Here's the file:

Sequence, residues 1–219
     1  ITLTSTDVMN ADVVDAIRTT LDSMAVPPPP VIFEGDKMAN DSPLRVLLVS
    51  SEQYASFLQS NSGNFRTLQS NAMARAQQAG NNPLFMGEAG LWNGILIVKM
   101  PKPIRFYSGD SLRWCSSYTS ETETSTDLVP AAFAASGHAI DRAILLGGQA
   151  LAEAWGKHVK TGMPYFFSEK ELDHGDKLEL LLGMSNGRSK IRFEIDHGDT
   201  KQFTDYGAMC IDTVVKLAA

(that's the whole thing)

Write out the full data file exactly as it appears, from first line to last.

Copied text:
Sequence, residues 1–219
     1  ITLTSTDVMN ADVVDAIRTT LDSMAVPPPP VIFEGDKMAN DSPLRVLLVS
    51  SEQYASFLQS NSGNFRTLQS NAMARAQQAG NNPLFMGEAG LWNGILIVKM
   101  PKPIRFYSGD SLRWCSSYTS ETETSTDLVP AAFAASGHAI DRAILLGGQA
   151  LAEAWGKHVK TGMPYFFSEK ELDHGDKLEL LLGMSNGRSK IRFEIDHGDT
   201  KQFTDYGAMC IDTVVKLAA